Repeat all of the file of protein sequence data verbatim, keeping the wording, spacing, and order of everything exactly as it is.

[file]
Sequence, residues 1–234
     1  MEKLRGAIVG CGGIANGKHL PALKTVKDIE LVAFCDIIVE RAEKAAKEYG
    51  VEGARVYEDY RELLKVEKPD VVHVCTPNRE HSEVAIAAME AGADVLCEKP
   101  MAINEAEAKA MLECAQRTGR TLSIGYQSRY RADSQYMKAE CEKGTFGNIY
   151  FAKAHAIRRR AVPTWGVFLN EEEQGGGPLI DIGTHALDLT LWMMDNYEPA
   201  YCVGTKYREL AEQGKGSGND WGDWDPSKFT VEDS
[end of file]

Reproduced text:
Sequence, residues 1–234
     1  MEKLRGAIVG CGGIANGKHL PALKTVKDIE LVAFCDIIVE RAEKAAKEYG
    51  VEGARVYEDY RELLKVEKPD VVHVCTPNRE HSEVAIAAME AGADVLCEKP
   101  MAINEAEAKA MLECAQRTGR TLSIGYQSRY RADSQYMKAE CEKGTFGNIY
   151  FAKAHAIRRR AVPTWGVFLN EEEQGGGPLI DIGTHALDLT LWMMDNYEPA
   201  YCVGTKYREL AEQGKGSGND WGDWDPSKFT VEDS